Returning home from Costa Rica is rough, especially when you factor in the ridiculously cold weather that hit Montreal this January. Typically when I get home from vacay, I’ll comfort myself with the familiar and delicious vegetarian foods that I have been deprived of on my trip, but not this time. The food in CR was so good, and so veg that I didn’t even have “favourite food withdrawal”. Veggie fajitas, chia seed smoothies, breakfast burritos, fresh falafels, among other amazing new discoveries were some of the dishes that I feasted on in CR. Best of all, vegetarian food was so accessible that I think I may have put on a few extra pounds despite all the excursions and hikes. If you are a foodie with a taste for adventure (no pun intended), then I’d definitely recommend Costa Rica. I’ve included some food highlights below, take a look.
Santa Teresa Beach
Costa Rica is a touristy place. Very touristy. So try to go during low season to avoid the hoards of beach bums. That being said, I went during New Year’s Eve when all hostels were at complete capacity and I still had loads of fun.
Santa Teresa beach is a hippie-esque surfer spot with laid back drop dead gorgerous people who come from all around the world to surf, do yoga and mellow out. The main strip is lined with numerous cafes and eateries which are mostly owned by ex-pats, offering an array of vegan and vegetarian options. Some of my highlights were:
Yummy Smoothies at Ginger Cafe
Falafel burger and live music at Zulu
Coconut curry and chic nighttime ambience at Kantana
Breakfast Burrito and funky art at Zwarts Cafe
Enormous pizzas and delicious iced coffees from The Bakery
I also enjoyed an amazing meal in neighbouring beach town of Montezuma. Montezuma is a great place to visit with it’s popular waterfalls that offer a free thrill with steep hikes, big jumps and a tarzan swing over water. After we were done playing around in what is basically a natural water park, we went down to Cocolores restaurant to have dinner on the beach. This place has an amazing beer selection and fabulous veggie fajitas – I was in heaven!
Monteverde was a nice change of pace from the buzzing beach towns. It is a great place to explore a plethora of National Parks, zip line and get some wildlife photos. The town area is cute but I must warn you, the food ain’t cheap. We cooked more and ate out less but still discovered some yummy finds:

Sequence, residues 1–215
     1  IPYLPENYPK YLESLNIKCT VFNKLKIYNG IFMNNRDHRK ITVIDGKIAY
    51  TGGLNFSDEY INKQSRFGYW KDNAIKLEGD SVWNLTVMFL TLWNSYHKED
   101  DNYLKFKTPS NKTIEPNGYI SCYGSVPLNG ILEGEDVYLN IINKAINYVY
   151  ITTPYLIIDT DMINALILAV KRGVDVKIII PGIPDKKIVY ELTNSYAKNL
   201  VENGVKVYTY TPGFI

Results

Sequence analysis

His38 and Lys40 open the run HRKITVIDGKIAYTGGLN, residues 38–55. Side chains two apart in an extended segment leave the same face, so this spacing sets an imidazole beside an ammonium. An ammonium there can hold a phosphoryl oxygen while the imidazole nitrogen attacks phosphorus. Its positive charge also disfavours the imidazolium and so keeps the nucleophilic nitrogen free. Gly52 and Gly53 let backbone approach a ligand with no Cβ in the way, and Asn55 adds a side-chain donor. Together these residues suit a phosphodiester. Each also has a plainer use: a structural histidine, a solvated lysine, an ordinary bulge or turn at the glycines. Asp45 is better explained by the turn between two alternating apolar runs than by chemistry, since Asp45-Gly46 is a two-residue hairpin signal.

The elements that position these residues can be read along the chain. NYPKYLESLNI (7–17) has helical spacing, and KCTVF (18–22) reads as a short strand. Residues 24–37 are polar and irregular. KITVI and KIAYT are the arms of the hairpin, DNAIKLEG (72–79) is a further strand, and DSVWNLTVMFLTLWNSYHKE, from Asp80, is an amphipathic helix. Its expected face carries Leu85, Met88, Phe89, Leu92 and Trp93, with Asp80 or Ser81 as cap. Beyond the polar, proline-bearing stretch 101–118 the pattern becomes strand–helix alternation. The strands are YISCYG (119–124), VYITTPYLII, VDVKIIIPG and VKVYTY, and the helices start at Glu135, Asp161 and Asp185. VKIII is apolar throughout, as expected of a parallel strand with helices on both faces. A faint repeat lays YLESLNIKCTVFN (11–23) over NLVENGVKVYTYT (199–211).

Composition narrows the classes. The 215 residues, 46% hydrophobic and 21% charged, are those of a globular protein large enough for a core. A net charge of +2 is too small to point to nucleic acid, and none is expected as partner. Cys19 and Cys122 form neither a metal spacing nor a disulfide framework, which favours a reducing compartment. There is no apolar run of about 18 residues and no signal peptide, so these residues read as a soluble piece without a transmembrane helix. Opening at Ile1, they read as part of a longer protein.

Giant pizza & funky ambiance at Treehouse Cafe
Freaking Delicious Tacos & Burritos at Taco Taco
Best coffee in Costa Rica at Beso Espresso
El Castillo – Essence Arenal
My last few days in Costa Rica were incredible partly because of my stay Essence Arenal. Fresh mouth air, great views, loads of wildlife and delicious vegetarian meals – just about everything that makes me happy inside.
Essence Arenal was located on an organic farm with loads of plants and trees to admire and taste which made the food to die for. The fun part is that they also invite you to help prepare the dinner meals which was somewhat educational and made for good vibes. The dinners are a little more pricy at about 15$ a pop but the breakfasts and lunches are a steal at only about $5! It’s also an excellent spot to explore the Arenal volcano and enjoy a dip in the hot springs! I would definitely recommend it!
Another highlight was the desayuno tipico which you can find everywhere. Totally veg-friendly, just ask if there is pork fat in the rice and beans (incase). This breakfast got me through many long days of hiking.
Despite the hoards of tourists, I still really enjoyed Costa Rica. There are definitely ways to get off the beaten track a bit more which I would do next time. Two weeks did not feel like enough time. You could spend weeks there and only scratch the surface. Since we were there during the holidays, a real highlight for me was being able to interact with lots of Ticos who were staying in the same hostels. Costa Rican people are very warm and welcoming, especially when they are vacationing. If you’ve ever been there then you’ve definitely heard the phrase: “Pura Vida,” meaning the pure life. They use it for everything from greetings to thank yous to farewells. At face value, I thought of pura vida meaning that you live pure: eat well, take care of your body and mind. After more time there, I came to think of it more in terms of karma, you live the pure life by passing pure and kind gestures forward. At least that is how I came to understand it from my interactions with the locals. Although the meaning to Costa Ricans may be more profound, I felt that the words really did encapsulate the experience for me: A vast and natural land where good-natured people were plentiful. Mind you, we often get inspired while traveling, in any case PURA VIDA!